I have never been lost, but I will admit to being confused for several weeks.
An avalanche is a very real winter hazard, especially in steeper ravines. Everyone in your group should have a good knowledge of avalanche safety. Education and training are critical, so each member of your group should take an avalanche safety course.
In the White Mountains, Forest Service snow rangers post avalanche warnings for Tuckerman and Huntington Ravines only. Warnings and avalanche advisories are
- posted at Pinkham Notch Visitor Center, Tuckerman Ravine, Hermit Lake Shelters, Harvard Cabin, and the Androscoggin Ranger District Office.
- available by telephone from 603-466-2713 ext. 4 or 603-466-2721 ext. 774
- online at mountwashingtonavalanchecenter.org and MountWashington.org.
Steep slopes with unstable deep snow hold the deadly risk of avalanche. If you hike in the mountains in winter, here is some avalanche information you need to know:
Heed the warnings—they could save your life.
- Check local avalanche conditions before you go.
- When in doubt, ask questions or don't go.
- Most avalanches occur during or immediately after a snowstorm.
- Never travel alone. Carry and know how to use avalanche rescue beacons, probes and shovels when your party is in avalanche terrain.
- Avoid steep, open areas of snow.
- Unstable snow conditions can persist for several days after a storm.
The Avalanche Danger Scale
The guidelines before describing avalanche probability should be used with your judgement, experience and local knowledge.
- Low (green): Natural avalanches unlikely. Human trigger avalanches unlikely. Travel is generally safe. Normal caution advised.
- Moderate (yellow): Natural avalanches unlikely. Human triggered avalanches possible. Use caution in steeper terrain on certain aspects.
- Considerable (orange): Natural avalanches possible. Human triggered avalanches probable. Be increasingly cautious in steeper terrain.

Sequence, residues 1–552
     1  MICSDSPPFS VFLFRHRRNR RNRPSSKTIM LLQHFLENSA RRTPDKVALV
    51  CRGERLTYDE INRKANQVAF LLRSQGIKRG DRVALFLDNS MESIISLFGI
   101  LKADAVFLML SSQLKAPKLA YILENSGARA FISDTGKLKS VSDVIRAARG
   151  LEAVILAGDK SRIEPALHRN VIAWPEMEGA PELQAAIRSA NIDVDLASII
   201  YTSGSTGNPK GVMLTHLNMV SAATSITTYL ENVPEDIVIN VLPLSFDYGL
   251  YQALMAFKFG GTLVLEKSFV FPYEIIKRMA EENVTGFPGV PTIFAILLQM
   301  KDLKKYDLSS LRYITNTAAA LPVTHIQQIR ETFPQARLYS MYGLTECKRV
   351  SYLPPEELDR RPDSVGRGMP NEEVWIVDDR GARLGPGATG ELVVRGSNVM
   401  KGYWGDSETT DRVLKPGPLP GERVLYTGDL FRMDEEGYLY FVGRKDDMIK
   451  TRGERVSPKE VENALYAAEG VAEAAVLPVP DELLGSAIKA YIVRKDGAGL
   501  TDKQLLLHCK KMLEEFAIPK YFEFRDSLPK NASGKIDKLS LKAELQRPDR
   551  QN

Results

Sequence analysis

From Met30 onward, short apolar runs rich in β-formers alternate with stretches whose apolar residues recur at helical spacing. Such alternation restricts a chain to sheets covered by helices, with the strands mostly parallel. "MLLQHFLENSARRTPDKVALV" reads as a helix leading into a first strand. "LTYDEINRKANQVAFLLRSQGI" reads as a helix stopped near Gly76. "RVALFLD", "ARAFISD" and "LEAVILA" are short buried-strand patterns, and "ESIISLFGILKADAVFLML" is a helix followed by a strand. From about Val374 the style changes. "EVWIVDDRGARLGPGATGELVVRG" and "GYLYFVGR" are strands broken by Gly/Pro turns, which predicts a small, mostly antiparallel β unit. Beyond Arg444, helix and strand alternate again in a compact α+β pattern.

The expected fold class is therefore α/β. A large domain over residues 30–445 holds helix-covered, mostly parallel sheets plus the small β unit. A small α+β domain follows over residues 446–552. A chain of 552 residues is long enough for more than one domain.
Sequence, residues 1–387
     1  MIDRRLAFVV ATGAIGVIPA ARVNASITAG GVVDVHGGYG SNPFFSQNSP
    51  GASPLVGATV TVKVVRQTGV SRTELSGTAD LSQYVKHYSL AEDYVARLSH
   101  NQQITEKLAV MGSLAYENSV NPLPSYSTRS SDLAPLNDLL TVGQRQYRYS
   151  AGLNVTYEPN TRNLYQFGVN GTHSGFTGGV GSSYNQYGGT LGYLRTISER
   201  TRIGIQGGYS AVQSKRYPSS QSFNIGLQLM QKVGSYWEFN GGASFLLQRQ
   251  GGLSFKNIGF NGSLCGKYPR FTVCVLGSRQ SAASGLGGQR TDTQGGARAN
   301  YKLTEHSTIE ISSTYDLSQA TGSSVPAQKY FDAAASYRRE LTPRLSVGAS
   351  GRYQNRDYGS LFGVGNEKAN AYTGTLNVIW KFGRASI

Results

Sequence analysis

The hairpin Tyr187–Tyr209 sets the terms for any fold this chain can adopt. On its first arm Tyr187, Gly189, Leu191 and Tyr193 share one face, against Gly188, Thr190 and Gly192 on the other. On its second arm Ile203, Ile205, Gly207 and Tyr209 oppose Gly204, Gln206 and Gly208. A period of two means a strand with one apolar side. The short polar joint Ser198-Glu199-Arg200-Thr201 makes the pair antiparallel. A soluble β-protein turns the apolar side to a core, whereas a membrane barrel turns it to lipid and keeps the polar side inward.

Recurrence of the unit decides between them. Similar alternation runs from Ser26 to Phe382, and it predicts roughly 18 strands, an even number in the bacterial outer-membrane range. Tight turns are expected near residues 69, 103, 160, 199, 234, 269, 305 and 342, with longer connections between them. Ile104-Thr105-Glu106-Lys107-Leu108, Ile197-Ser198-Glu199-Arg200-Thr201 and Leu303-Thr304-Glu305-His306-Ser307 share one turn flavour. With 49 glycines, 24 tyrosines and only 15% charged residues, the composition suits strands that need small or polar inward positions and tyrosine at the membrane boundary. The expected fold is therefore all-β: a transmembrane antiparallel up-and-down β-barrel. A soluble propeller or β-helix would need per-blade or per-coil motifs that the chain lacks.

- High (red): Natural and human triggered avalanches likely. Travel in avalanche terrain is not recommended.
- Extreme (red with black border): Widespread natural or human triggered avalanches certain. Avoid travel in avalanche terrain. Confine travel to low angle terrain well away from avalanche path run-outs.
Avalanche Safety Basics
Remember that avalanche danger rating levels are only general guidelines. Most avalanche accidents are caused by slab avalanches which are triggered by the victim or a member of the victim's party. However, any avalanche may cause injury or death and even small slides may be dangerous.
Always practice safe route-finding skills and be aware of changing conditions. Learn how to use, and always carry, avalanche beacons, probles and shovels. You must be able to carry out a self-rescue in the event of a burial as time is critical. If you must go for help, it is generally considered too late. Learn to recognize avalanche terrain and understand snow stability evaluation techniques to help minimize your risk.
No matter what the current avalanche danger there are avalanche safe areas in the mountains. Seek out the information needed to locate these areas and make informed decisions.
- Snow instability is greatest during and immediately following a precipitation event, which includes new snow, wind-deposited snow and rain.
- Avalanches are most likely on slopes of 25-50 degrees with 35-45 degrees being more frequent.
- Avalanches don't happen by accident and most human involvement is a matter of choice, not chance.